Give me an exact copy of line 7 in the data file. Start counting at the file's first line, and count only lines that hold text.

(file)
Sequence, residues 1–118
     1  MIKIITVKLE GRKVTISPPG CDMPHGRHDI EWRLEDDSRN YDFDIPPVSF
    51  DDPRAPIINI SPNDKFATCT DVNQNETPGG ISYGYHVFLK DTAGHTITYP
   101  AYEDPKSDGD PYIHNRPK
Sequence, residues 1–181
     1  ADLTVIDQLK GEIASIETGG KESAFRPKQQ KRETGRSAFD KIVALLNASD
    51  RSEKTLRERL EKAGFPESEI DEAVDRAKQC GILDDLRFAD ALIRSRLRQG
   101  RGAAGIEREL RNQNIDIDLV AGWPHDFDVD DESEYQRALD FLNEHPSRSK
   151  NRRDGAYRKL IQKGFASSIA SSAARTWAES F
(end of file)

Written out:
    51  RSEKTLRERL EKAGFPESEI DEAVDRAKQC GILDDLRFAD ALIRSRLRQG